« Previous | Main | Next »

CRB checks and "Secret" letters

Post categories:

Chris Vallance | 09:57 UK time, Wednesday, 29 July 2009


Last year over 3.4 million people had Enhanced Criminal Records Bureau checks. In most cases both the applicant and the employer will see the information supplied by the police, but that's not always the case. In some rare instances a Chief Officer of Police may write a letter to the employer containing "additional information".By law the applicant isn't allowed to know the contents of the letter, and CRB guidance tells employers not to disclose its existence. Last year, the Home Office tells us, 235 of these letters were sent.

One of our listeners who works as a manager in the public sector is concerned about this process. He feels it places people who have to make employment decisions based on CRB checks in a difficult situation. He emailed us to say:

"In effect information that has not been subject to full investigation or
prosecution is contained in these letters, the employer has no opportunity to verify the information and more importantly the individual concerned has no opportunity to challenge. If people are concerned about the human rights issues of the CRB system then I suggest they pay some attention to what is really happening in the name of safeguarding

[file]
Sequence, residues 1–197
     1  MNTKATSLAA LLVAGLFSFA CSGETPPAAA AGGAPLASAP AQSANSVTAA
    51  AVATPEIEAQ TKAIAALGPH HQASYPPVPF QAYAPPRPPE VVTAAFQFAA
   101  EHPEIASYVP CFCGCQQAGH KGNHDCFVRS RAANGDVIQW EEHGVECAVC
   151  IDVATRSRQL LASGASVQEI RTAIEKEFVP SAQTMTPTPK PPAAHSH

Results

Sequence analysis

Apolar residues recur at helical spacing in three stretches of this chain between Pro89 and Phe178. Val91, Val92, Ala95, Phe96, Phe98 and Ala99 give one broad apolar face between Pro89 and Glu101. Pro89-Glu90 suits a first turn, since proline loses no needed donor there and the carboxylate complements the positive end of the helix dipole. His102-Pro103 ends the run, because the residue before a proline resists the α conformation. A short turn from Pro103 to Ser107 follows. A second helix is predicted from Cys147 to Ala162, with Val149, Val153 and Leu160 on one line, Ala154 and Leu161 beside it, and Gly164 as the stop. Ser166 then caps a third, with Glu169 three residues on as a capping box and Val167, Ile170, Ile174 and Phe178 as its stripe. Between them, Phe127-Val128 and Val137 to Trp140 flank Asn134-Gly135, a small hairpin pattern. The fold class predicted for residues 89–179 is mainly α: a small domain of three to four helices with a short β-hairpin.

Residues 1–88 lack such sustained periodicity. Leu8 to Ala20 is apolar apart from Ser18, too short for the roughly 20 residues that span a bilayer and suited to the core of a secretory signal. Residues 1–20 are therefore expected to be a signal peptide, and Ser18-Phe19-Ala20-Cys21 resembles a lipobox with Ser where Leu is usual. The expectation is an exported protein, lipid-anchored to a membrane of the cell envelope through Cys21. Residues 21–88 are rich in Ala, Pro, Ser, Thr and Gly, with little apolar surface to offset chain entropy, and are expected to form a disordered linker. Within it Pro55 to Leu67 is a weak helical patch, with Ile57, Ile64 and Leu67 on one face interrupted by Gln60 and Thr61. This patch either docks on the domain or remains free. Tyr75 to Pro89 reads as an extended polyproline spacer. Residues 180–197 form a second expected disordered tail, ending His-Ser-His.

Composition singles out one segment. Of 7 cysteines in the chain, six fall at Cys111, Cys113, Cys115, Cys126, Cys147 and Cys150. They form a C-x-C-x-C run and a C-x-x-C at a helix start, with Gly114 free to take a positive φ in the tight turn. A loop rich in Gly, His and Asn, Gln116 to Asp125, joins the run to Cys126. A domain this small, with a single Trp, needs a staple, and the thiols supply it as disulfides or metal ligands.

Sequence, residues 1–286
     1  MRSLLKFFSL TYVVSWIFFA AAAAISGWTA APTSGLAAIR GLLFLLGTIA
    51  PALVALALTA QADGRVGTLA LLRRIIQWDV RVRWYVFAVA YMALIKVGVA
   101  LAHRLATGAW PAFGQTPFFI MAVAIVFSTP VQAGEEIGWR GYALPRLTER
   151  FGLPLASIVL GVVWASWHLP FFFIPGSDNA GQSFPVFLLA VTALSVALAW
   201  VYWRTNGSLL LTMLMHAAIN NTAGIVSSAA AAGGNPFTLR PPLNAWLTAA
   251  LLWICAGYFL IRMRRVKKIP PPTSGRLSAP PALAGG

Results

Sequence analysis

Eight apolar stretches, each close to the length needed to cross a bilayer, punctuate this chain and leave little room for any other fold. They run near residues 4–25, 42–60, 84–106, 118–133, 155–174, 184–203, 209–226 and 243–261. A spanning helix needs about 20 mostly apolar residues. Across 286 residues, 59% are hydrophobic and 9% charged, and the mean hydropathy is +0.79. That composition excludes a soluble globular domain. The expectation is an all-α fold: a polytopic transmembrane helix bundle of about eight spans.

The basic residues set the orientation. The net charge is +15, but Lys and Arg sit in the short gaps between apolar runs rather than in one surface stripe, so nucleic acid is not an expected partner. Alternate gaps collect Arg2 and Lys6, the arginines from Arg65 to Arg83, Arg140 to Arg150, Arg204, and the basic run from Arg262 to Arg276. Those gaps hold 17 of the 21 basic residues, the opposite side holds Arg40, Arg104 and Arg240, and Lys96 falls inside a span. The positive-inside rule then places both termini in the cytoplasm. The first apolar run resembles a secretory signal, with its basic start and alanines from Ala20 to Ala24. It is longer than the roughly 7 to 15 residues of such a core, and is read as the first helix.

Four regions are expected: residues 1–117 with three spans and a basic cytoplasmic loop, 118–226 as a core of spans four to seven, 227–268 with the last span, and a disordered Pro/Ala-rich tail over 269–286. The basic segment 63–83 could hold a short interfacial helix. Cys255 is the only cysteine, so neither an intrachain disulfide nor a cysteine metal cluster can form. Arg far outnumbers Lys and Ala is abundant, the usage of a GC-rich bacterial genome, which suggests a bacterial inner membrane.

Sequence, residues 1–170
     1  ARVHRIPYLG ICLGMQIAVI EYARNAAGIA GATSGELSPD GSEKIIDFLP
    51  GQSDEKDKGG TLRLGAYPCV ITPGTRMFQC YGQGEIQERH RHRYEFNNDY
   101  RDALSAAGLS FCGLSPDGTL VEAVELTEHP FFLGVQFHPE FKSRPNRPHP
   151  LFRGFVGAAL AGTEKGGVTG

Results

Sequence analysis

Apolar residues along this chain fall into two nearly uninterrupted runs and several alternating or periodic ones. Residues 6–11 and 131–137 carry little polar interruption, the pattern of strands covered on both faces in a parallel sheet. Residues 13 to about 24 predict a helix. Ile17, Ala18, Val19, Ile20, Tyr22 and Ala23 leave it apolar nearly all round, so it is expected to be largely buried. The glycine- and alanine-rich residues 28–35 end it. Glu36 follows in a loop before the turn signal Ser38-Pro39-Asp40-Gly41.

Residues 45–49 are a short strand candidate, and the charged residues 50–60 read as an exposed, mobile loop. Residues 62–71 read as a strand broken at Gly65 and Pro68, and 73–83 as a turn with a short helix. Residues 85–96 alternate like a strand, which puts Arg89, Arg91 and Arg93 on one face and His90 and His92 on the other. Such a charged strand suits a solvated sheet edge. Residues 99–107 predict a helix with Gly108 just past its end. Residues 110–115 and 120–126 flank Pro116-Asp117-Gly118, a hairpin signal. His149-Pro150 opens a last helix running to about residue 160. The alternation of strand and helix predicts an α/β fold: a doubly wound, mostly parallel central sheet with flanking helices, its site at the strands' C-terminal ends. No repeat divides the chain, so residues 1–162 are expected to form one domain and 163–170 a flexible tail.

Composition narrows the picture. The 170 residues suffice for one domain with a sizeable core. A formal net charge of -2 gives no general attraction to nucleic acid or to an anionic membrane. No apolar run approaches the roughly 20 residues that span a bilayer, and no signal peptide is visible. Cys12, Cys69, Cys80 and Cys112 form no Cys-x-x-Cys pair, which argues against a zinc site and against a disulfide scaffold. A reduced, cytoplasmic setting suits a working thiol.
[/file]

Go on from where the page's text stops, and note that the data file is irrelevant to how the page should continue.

But the "additional information" system is intended for use only where the consequences of revealing the information would be grave, such as jeopardizing a current police investigation. If we imagine a scenario in which someone currently subject to a covert police operation were applying for a job, it's easy to see why not all information can be disclosed to the applicant.

So are these letters and erosion of the principle of "innocent until proven guilty" or a necessary part of protecting the public? We're looking at the "additional information" system on iPM this week. If you've something to contribute please do leave a comment or email us at ipm@bbc.co.uk


Sign in

BBC navigation

BBC © 2014 The BBC is not responsible for the content of external sites. Read more.

This page is best viewed in an up-to-date web browser with style sheets (CSS) enabled. While you will be able to view the content of this page in your current browser, you will not be able to get the full visual experience. Please consider upgrading your browser software or enabling style sheets (CSS) if you are able to do so.